# Show that there are infinitely many integral solutions

How do I show that there infinitely man integral solutions of an equation?

For example

$1947*m+264*n=33$

I used the Euclidean algorithm and then back substituted to find one pair of solution $m=3, n=-22$. But I'm not sure how to find more or prove it.

My textbook hints that - these coefficients are not necessarily produced by euclidean algorithm

• you can just add $264$ to $m$ while subtracting $1947$ from $n.$ Then do it again. And again. – Will Jagy Aug 30 '16 at 22:05
• @user1023 Since you found one solution $(m,n) = (3,-22)$, it follows that all (real-valued) solutions are of the form $(m,n) = (3+t, -22 - 1947t/264)$. Can you see a way to choose $t$ so that both $3+t$ and $-22-1947t/264$ are integers? – Erick Wong Aug 30 '16 at 22:12
• @ErickWong I'm sorry - I should have mentioned earlier that m,n are integers – user1023 Aug 30 '16 at 22:14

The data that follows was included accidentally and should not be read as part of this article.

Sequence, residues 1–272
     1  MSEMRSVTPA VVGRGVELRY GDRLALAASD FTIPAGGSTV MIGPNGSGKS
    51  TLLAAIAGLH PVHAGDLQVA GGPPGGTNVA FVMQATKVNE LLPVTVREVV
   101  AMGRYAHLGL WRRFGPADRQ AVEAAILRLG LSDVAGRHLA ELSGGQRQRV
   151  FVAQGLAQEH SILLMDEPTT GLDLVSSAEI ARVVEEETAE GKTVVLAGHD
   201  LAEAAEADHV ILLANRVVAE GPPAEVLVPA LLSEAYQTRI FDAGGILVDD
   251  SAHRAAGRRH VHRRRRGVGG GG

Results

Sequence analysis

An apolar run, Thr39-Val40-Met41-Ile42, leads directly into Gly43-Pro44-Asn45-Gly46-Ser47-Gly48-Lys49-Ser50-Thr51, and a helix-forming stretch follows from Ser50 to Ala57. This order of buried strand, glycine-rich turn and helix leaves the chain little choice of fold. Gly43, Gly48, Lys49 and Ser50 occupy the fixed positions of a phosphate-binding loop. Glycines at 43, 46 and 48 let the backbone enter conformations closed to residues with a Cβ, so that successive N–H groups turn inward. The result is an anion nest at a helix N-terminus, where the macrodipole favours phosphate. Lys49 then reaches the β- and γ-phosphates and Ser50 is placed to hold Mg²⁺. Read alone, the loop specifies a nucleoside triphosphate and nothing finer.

• @user1023 My comment was already written with the assumption that $m,n$ are integers. Perhaps you didn't understand it? – Erick Wong Aug 30 '16 at 22:15
• @WillJagy thank you - that helps – user1023 Aug 30 '16 at 22:17

## 1 Answer

HINT.-If you have a solution of the equation $ax+by=c$ say $ax_0+by_0=c$ then you have

$$a(x-x_0)+b(y-y_0)=0$$ hence, making $x-x_0=bt$ and $y-y_0=-at$, you have the general solution $$(x,y)=(x_0+bt,\space y_0-at)$$ where $t$ is a parameter.

You have, for instance,$(x,y)=(-13,96)$ (note first that equation reduces to $59x+8y=1$)